Design / Photography / STUDIO e* / Travel

Carte Blanche

To avoid over-cooking the my “Parisian post”, I decided to leave this little gem as an apéritif, as it were. While in Paris, I had the honour and pleasure of staying at the recently opened Saint James Paris hotel.  Apart from being the only chateau-hotel in the city, this unique establishment also boasts some of the boldest, brashest, and most brazen interior design I have ever seen.  As I walked through the front door, I was overcome by a stream of over-the-top adjectives. Sumptuous, contradictory, romantic, fresh, layered, whimsical, exotic, eclectic are just a few that describe the hotel’s recently transformed interior.  Unsurprisingly, the visionary behind the hotel’s amazing transformation is as mysterious and whimsical as her designs.  For an insight into the leopard and tartan prints, mirrored ceilings, “parquet carpetry” and hot air balloons, scroll down for a (text-only) copy of my feature on the Saint James Paris for Passport Magazine.

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CARTE BLANCHE

Elana Castle explores the whimsical and sumptuous interiors of the recently-opened Saint James Paris

Such is the rarity of a chateau in the heart of Paris, that when describing the Saint James Hotel to a colleague, I was asked why I’d chosen to stay in the French countryside on my visit to the city.  Yes, Paris is blessed with many impressive, five star establishments – but none, I would argue, as unique in form and concept as the newly-opened Saint James Paris.  A 48-key hideaway,  the hotel occupies the hallowed and grand interiors of an 19th Century neo-classical chateau, perfectly located on the fringe of the charming 16th arrondissement.

Originally dedicated as a foundation, for close to a century the site served as a boarding house for brilliant but penniless students who filled its halls with scientific study and research.  In 1991, the venue (by then a private gentleman’s club) was purchased by a prominent French family. In 2008, the family decided to undertake a wholesale refurbishment of the venue into luxury accommodation.  Desiring a strong, individually-minded designer to drive the process, they engaged Bambi Sloan – by all accounts a completely eccentric and outlandish designer who had impressed the family with the variety and originality evident in her previous work.  Sloan’s approach to the project was heralded for its boldness – to approach the new interiors with a healthy dose of stylistic respect but to bring a unique brand of “crazy chic” to the table.

Sloan’s input and vision have resulted in a hotel that is not really a hotel – at least not in the conventional sense.  The lobby is not grand and formidable.  You are unlikely to encounter swarms of visitors, overeager staff, or anything remotely gold plated.  The location is not slap bang in the middle of the action.  The service is not generic or staged.  Rather, you are welcomed like an esteemed visitor to what Sloan describes as a ”unique residence belonging to an original, enlightened, pre-eminent 19th-century bourgeois family.”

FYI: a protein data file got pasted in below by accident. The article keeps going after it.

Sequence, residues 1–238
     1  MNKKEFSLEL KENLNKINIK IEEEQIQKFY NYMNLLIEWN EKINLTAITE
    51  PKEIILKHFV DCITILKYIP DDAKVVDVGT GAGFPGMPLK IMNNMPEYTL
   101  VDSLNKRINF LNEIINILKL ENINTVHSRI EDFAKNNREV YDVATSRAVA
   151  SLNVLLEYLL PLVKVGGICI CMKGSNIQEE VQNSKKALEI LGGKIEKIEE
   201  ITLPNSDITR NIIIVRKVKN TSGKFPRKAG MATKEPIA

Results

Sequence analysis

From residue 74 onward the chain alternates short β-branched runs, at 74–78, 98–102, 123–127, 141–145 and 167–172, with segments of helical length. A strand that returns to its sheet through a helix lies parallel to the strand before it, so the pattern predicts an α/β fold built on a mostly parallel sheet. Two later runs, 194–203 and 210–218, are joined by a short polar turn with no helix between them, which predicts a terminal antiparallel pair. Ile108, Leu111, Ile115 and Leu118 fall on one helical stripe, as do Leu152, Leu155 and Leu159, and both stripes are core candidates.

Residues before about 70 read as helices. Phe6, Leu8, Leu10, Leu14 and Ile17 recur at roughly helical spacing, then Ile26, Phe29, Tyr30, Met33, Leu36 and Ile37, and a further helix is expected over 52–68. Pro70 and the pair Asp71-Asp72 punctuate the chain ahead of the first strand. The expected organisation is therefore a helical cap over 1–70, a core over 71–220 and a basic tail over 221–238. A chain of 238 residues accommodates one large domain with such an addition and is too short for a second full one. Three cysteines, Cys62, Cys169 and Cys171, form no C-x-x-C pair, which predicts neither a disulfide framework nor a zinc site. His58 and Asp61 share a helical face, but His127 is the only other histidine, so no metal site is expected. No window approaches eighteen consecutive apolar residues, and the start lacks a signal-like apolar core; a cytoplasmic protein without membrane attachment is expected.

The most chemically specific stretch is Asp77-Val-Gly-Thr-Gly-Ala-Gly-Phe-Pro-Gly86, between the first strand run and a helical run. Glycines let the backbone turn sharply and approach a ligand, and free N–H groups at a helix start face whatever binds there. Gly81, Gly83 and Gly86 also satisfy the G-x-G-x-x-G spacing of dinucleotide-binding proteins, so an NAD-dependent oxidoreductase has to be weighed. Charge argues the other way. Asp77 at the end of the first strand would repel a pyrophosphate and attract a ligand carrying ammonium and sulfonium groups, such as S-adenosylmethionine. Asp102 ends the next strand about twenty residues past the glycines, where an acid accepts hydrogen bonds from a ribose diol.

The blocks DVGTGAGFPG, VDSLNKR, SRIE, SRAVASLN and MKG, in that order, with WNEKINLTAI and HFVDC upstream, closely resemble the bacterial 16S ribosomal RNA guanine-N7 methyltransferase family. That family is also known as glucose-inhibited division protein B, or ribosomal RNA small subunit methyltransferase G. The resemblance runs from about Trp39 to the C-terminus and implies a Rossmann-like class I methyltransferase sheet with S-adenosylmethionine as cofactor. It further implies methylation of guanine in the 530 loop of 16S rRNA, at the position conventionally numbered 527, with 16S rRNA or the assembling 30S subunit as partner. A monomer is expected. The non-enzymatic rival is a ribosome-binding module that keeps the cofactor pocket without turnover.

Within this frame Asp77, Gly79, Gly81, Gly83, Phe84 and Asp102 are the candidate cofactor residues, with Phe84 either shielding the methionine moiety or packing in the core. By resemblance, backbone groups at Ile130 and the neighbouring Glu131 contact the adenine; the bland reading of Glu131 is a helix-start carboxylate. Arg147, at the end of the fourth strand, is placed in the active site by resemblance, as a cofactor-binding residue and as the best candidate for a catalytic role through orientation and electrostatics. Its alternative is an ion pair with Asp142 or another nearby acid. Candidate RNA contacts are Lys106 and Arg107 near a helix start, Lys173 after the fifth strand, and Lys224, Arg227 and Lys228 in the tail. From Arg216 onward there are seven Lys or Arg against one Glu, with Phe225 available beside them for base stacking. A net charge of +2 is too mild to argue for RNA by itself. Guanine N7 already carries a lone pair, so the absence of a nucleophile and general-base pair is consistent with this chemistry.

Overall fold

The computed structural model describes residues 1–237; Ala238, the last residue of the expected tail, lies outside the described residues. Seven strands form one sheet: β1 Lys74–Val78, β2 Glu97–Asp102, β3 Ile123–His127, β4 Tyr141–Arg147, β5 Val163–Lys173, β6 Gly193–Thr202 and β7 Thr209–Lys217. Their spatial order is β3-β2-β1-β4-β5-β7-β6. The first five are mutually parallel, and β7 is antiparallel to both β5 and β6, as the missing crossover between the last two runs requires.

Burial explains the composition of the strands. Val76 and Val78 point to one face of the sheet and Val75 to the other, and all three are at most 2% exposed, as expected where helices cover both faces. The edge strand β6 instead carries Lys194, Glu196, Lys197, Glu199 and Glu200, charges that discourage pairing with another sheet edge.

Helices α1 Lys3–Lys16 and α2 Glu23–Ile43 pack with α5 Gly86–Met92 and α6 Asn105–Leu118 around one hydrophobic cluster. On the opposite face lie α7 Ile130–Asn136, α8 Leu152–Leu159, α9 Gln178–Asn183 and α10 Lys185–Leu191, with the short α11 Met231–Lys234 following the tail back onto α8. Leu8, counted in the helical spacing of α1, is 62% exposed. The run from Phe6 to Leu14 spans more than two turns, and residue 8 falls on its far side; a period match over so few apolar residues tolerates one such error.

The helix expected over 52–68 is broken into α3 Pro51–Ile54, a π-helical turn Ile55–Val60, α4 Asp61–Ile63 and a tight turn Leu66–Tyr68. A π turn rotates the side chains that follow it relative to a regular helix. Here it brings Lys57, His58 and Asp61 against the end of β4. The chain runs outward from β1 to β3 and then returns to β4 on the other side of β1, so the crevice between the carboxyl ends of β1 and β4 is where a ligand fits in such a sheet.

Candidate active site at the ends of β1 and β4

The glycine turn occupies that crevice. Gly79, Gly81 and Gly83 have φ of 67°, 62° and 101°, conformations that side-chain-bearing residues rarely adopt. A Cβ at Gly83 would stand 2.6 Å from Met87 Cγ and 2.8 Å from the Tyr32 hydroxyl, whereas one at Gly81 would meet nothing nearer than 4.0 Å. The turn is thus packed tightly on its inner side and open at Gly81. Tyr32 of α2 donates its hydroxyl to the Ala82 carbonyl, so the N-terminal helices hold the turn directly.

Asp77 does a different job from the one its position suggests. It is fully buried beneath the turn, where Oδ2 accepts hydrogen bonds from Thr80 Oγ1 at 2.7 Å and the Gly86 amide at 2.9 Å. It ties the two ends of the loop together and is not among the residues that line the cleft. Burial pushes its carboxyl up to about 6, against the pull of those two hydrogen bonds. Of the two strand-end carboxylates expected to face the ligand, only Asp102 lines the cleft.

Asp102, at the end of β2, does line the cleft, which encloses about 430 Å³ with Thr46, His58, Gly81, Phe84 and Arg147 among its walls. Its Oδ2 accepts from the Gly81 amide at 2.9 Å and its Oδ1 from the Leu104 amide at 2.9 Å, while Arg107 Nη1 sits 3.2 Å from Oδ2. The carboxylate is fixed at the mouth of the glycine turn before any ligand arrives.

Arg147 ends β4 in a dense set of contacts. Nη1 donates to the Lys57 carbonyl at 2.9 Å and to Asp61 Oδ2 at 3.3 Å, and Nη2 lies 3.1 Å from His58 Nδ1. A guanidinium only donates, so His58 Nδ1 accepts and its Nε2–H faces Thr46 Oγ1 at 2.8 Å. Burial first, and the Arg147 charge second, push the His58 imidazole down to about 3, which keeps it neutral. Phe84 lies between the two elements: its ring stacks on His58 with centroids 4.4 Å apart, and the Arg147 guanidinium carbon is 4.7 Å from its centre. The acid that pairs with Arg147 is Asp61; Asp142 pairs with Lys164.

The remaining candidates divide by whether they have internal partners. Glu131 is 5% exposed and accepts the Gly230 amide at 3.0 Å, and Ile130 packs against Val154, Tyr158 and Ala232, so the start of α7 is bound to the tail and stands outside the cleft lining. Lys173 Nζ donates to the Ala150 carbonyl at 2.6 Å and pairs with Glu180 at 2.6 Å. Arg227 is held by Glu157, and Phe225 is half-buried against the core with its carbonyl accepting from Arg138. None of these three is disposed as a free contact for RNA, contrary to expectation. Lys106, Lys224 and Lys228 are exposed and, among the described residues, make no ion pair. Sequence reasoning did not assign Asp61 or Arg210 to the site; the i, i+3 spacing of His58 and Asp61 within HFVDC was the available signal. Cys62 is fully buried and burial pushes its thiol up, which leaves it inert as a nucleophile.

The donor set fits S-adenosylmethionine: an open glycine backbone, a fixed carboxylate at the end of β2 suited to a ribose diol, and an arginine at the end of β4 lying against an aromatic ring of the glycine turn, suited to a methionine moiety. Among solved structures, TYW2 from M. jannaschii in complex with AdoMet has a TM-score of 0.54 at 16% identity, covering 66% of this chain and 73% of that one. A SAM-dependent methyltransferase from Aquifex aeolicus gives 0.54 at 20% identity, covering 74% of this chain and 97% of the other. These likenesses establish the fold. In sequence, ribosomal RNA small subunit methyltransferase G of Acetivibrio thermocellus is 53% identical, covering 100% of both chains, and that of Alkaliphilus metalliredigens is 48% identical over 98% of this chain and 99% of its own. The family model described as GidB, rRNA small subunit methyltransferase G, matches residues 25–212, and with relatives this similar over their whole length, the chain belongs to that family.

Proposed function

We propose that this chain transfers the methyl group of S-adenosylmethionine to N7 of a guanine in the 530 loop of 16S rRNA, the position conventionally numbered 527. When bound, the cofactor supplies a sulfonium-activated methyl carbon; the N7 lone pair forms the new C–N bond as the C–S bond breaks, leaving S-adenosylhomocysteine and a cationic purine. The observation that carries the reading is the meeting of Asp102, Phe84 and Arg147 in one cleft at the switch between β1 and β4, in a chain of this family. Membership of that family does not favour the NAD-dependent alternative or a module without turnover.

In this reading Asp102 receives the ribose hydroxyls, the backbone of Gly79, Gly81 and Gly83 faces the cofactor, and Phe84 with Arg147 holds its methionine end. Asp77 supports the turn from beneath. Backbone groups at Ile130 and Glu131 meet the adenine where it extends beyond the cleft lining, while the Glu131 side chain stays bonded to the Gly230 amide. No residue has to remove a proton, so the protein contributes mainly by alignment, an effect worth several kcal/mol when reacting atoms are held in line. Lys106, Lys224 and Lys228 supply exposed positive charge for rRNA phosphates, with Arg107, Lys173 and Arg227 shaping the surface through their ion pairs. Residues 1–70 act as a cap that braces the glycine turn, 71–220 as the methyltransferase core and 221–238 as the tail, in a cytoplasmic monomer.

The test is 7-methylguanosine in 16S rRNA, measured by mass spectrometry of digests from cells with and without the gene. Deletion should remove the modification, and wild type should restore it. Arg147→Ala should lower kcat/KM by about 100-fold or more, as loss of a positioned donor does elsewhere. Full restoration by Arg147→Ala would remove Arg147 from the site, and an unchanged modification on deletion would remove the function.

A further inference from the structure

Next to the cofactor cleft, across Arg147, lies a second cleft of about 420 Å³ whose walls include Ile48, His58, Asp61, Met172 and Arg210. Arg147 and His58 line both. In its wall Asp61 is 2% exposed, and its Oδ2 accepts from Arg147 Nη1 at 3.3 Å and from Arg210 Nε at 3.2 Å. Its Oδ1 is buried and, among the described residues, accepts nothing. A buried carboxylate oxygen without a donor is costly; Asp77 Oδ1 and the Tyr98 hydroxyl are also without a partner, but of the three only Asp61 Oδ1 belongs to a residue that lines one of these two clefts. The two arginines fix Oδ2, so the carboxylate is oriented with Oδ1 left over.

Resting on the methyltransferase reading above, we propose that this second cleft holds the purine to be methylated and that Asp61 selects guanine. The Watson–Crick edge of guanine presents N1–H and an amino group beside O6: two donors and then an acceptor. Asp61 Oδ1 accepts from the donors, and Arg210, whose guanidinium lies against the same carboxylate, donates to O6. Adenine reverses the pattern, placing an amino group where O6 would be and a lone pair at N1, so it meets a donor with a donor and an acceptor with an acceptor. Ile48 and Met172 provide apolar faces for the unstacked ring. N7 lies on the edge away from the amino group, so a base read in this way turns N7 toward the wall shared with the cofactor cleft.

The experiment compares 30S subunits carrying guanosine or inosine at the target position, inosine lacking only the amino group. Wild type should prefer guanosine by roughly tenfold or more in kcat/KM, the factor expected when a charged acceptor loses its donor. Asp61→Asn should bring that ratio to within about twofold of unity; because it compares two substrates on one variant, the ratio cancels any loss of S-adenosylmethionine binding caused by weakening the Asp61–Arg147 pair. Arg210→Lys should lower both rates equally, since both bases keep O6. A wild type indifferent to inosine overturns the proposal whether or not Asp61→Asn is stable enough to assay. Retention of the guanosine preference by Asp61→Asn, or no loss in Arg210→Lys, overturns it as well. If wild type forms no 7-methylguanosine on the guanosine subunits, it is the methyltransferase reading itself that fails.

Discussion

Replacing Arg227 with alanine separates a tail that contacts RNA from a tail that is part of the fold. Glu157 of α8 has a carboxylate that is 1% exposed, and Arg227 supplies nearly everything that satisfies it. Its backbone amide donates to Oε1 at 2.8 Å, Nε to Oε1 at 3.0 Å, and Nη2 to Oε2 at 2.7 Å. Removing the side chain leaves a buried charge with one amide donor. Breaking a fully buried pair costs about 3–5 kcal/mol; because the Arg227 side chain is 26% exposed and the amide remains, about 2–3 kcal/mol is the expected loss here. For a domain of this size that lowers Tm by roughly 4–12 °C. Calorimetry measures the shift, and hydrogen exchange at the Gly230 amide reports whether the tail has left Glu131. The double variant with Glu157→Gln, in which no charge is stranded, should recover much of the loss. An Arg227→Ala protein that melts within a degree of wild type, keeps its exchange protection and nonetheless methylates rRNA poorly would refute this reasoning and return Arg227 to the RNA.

The first signs of Sloan’s fanciful and decadent transformation appear in the entrance lobby. What was once an off-yellow and rather dull space, is now a bold black and white-painted entrance hall, complete with blood-red carpeting and bespoke full height glass chandeliers.  Throughout the property Sloan has worked tongue firmly in cheek, pairing unexpected prints, objects and colours – Visconti leopard and panther prints with tromp-l’ eoil parquet herringbone carpeting; Arabesque prints with velvet draping; tartan with bookbinding wallpaper.  In fact, the idea of the hotel being an “extravagant family townhouse” was Sloan’s idea and her execution has succeeded in bringing luxury, texture and a touch of whimsy to the once-jaded interiors. Admittedly, it’s all rather ‘Alice in Wonderland’ – but in a totally unexpected way, Sloan’s brazen approach has also served to revitalise the intricate original detailing and origins of the chateau.  The suites, each one hidden behind the same red-painted doors, are all unique.  Sloan has invented her own mini worlds in each one, filling them with the accoutrements of fictitious characters, hand picked furniture, curious objects and original textiles. My room, delightfully and indulgently black and turquoise was inspired by the work of Sloan’s greatest inspiration – Madeleine Castaing.

The intricacy and drama continues into the hotel’s other public spaces, the most significant of which is the library bar.  Retained as the reference room for for the students, the room has an air of authenticity.  The double-volume space, with mezzanine library accessed via a spiral stair, heaves with over 12,000 books, a well stocked bar and Pilou the house cat.  The mood is a perfect antidote to the lobby. Once you’ve sunk into a well-worn leather armchair and ordered your rare vintage of choice, you’ll feel further submerged into your private world.  In warmer months, you’ll have the added benefit of the generous outdoor terrace.  Oversized Montgolfier balloons (a reference to the site’s history as the first Paris airfield) provide shade and a setting for an outdoor luncheon.  And not to be outdone by any other establishment, there is also a luxury spa as well as a beautifully classical and heavily frescoed restaurant serving seasonal, fine French cuisine.

You’re likely to spend unhealthy amounts of time in this hotel.  Bearing in mind that you are but a stone’s throw from some of Paris’s most beautiful sites, consider yourself warned.

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2 thoughts on “Carte Blanche

  1. Oooh, i am enchanted by your charming and mysterious description! You have told me just enough to motivate me to make room for the16th arrondismont on my next visit to Paris!!

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